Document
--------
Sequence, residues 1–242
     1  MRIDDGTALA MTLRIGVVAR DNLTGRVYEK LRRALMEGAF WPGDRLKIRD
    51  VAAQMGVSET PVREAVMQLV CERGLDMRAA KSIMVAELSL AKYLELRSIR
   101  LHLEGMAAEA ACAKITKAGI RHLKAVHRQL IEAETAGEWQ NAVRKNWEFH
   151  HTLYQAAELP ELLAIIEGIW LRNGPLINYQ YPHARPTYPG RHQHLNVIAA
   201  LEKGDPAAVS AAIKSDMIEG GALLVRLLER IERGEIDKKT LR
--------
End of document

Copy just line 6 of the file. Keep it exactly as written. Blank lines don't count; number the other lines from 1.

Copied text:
   201  LEKGDPAAVS AAIKSDMIEG GALLVRLLER IERGEIDKKT LR